Saul Transformed

Posted: October 7, 2018 in Acts, Uncategorized

Acts 9:20-31, “Saul Transformed”

Some say people never change. They’re wrong…at least, in part. From the perspective of the world, they’re often right. Left to our own devices and our own strength of will, people rarely change. We’re far too comfortable with the familiar, and people tend to fear being different. That’s why so many patients ignore the advice of their doctors regarding diet and exercise (not to mention why so many doctors refuse to take their own advice!), and why so many people stay tied to the addictions they claim to hate. People don’t change because people don’t want to change…we simply lack the strength to do it.

But again, that’s from the perspective of the world – that’s for people trying to change themselves. Left to ourselves, humans are weak; what we need is power. Specifically, we need the power of God. It’s not a “higher power” that breaks people out of addictions – it’s not clinging to generic religious rituals that transforms anyone. What we need is real power from the living God, and that only comes through Jesus Christ. When a person believes upon Jesus, Jesus changes that person – transforming him/her from the inside-out.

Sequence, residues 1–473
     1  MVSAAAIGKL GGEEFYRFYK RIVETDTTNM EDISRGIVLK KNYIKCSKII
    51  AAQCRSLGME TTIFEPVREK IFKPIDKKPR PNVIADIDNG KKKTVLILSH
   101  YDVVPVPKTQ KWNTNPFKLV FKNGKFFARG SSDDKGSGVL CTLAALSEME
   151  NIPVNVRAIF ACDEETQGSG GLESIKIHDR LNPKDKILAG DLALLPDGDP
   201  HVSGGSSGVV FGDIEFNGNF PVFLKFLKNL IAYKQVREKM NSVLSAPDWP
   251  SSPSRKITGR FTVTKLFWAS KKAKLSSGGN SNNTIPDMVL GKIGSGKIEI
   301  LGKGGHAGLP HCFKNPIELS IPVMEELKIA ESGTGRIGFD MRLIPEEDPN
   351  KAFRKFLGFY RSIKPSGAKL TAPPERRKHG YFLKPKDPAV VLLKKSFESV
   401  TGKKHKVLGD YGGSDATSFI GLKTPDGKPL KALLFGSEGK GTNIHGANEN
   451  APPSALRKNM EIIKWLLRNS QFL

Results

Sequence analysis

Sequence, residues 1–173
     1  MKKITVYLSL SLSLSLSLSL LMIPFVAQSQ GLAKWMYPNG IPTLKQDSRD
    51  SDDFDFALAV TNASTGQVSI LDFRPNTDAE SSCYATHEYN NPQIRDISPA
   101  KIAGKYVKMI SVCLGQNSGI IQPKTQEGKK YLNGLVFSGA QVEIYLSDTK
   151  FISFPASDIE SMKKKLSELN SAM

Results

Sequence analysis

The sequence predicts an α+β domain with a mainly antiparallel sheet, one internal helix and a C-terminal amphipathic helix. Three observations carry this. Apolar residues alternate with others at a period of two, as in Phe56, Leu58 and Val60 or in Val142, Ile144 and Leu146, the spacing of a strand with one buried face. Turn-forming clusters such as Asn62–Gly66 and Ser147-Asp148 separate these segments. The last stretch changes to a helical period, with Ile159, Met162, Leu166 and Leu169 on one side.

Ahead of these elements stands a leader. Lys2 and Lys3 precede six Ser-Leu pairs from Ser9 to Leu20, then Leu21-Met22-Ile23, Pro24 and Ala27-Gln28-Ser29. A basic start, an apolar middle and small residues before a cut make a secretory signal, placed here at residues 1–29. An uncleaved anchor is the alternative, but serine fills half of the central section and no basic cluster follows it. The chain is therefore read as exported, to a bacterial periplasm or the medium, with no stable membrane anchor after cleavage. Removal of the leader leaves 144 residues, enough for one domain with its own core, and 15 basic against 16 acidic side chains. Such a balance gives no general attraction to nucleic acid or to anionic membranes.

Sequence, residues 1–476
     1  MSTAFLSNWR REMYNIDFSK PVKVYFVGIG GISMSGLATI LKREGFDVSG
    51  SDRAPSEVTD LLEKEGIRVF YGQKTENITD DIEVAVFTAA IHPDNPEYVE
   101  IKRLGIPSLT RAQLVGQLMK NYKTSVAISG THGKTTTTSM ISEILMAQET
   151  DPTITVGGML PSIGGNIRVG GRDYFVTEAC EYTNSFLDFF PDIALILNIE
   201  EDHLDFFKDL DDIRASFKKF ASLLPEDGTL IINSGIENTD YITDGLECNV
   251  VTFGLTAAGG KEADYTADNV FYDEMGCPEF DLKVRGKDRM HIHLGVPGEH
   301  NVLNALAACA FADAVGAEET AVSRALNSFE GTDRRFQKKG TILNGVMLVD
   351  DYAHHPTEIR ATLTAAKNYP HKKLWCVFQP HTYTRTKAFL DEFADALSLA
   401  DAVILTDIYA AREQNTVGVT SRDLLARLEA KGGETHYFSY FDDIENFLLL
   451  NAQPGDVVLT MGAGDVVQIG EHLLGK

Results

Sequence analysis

If you’re a born-again Christian, that’s something you know – it’s something you’ve personally experienced. You were one thing; now you are someone totally different. You were lost; now you are found. You were dead; now you’re alive. You were a sinner doomed for hell; now you are a child of God destined for eternal life. That is true change, and that’s something that only comes from Jesus!

That kind of change is what is demonstrated in the life of Saul (Paul the apostle). Saul had been totally lost, a true enemy of Christ – but he was radically transformed by Jesus, and his life was never the same.